US home prices rose in November from October but the underlying trend continued to point to a slowdown in price gains, according to the S&P/Case-Shiller index released Tuesday.
The Case-Shiller 20-city price index rose 4.3 percent year-over-year in November, compared to 4.5 percent in October.
Month-over-month, November home prices rose a seasonally adjusted 0.7 percent.
The Case-Shiller US national index, a broad measure of price gains, edged down 0.1 percent.
"The housing recovery is barely on first base," said David Blitzer, head of the Index Committee at S&P Dow Jones Indices. "Prospects for a home run in 2015 aren't good."
Most of the housing market recovery is lackluster, with strong price gains limited to California, Florida, the Pacific Northwest, Denver, and Dallas, he said.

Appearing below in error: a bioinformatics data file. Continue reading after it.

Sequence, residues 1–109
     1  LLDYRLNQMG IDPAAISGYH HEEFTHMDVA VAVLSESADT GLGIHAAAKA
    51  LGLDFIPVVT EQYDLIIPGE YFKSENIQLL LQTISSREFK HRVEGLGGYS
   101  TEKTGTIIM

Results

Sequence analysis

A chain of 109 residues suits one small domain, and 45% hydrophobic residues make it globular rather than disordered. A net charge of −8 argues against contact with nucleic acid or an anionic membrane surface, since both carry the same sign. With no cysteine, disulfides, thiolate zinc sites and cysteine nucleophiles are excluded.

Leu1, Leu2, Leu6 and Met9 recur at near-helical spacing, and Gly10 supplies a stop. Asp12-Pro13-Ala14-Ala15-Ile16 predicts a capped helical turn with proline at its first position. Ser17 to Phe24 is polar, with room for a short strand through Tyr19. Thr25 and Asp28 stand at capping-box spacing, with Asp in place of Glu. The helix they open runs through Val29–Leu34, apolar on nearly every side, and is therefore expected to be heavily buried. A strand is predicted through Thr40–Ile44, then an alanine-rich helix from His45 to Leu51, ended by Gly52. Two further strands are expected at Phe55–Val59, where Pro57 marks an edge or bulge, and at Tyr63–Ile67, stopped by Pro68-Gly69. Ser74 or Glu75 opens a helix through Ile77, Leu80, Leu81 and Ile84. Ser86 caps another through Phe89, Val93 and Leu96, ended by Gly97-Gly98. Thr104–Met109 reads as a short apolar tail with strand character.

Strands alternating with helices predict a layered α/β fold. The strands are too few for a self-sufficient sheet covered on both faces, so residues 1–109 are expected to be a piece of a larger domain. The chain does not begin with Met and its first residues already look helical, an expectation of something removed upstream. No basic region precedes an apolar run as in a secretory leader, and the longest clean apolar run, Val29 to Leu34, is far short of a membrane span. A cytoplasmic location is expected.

"Moreover, these price patterns have been in place since last spring. Existing-home sales were lower in 2014 than 2013, confirming these trends."
Among the challenges holding back the housing recovery are the persistent low inventory of homes on the market and tight lending conditions on mortgages.
Ian Shepherdson of Pantheon Macroeconomics said the current trendling on prices would likely continue through the first half of the year.
"The underlying trends in most housing market indicators, both volumes and prices, are more or less stable, and we expect them to stay that way," he said in a research note.